Bookmark   January 6, 2006 at 2:31PM
Thank you for reporting this comment. Undo

The death at home, of an 83-year-old man whose wife recently died is totally unremarkable.

Your sister is showing some of the well-documented stages of grieving:

Anger and blaming (directed against the caregiver, and you)

Anger at herself for not being there (I often saw this in a hospital, when patients died in the early morning as their relatives were catching a nap. We felt that the patients were "sneaking out" to avoid distressing their relatives.)

Playing "what if" ... trying to find a scenario that would have prevented the death.

She has lost what was a large part of her daily life - caring for her parents - which would leave a large hole.

She needs counseling - the emotions are normal, but if she persists, she can become consumed with the blaming and what-if-ing to the extent that it hurts her ability to live.

    Bookmark   January 7, 2006 at 10:01AM
Thank you for reporting this comment. Undo

Lazygardens just stated, very well, what I was going to say. The death of an elderly parent, while certainly very sad, is expected in the natural scheme of things. Our parents are not expected to outlive us; nor would they want to. But your sister, rather than feeling any degree of acceptance at this point, is bringing her "issues" into the grief process. And some of these issues involve you. She needs some help, but my best advice to you is to "not let someone else's neuroses become your reality," as someone once told me.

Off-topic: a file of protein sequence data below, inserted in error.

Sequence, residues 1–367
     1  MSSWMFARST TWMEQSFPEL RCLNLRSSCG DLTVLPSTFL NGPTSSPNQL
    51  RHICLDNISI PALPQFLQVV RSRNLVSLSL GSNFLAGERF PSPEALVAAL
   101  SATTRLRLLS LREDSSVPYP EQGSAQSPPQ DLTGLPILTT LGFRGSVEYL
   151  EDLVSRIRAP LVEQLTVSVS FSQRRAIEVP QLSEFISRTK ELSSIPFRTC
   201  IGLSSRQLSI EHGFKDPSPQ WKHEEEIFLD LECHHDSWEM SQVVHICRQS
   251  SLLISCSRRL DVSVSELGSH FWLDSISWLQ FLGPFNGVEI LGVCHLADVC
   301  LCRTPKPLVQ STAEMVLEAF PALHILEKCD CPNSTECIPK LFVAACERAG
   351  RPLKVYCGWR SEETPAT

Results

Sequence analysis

I really hope you can find some common ground to come together. At this time in your lives the support of a sibling is invaluable.


    Bookmark   January 7, 2006 at 5:00PM
Thank you for reporting this comment. Undo

Ditto. I was going to write exactly what Lazygardens and Susan wrote. My heart goes out to you because I know it must hurt to hear your sister's accusative remarks towards you even though you know you don't deserve them. Try to remember that this is her grief process and don't let it come between you two. Listen and tell her that you are sorry that she feels this way and remind her that you loved your mom and dad as much as she did.
Good luck and keep us posted.

    Bookmark   January 8, 2006 at 2:30PM
Thank you for reporting this comment. Undo

Anna, I'm so sorry that things are not going well with your sister. I feel badly and just wanted you to know that we do listen on this message board. Wish I could make things easier for you. June

    Bookmark   January 8, 2006 at 6:41PM
Thank you for reporting this comment. Undo

Thank you so much to everyone who posted. The people here always amaze me with the time spent on answering others' concerns. I think the only thing I can do is give her time, because the way it stands now, she doesn't want to see me or speak to me. It's all very sad and stressful...


    Bookmark   January 9, 2006 at 2:50PM
Thank you for reporting this comment. Undo

most of us are here because we wandered in during a particularly difficult time in our lives, and the people here gave us the answers and support we didn't have (or couldn't ask for) from our normal supporters.

yes- about half of haulocaust survivors suffered some form of depression and/or PTSD that they never thought to seek treatment for. and if you grow up in a house with depressed parents, your chances of developping it yourself are triple or better than average.

with that goes the whole guilt thing (like children aren't supposed to move out when they marry) and your sister sounds like she inherited all your parent's bitterness and angst.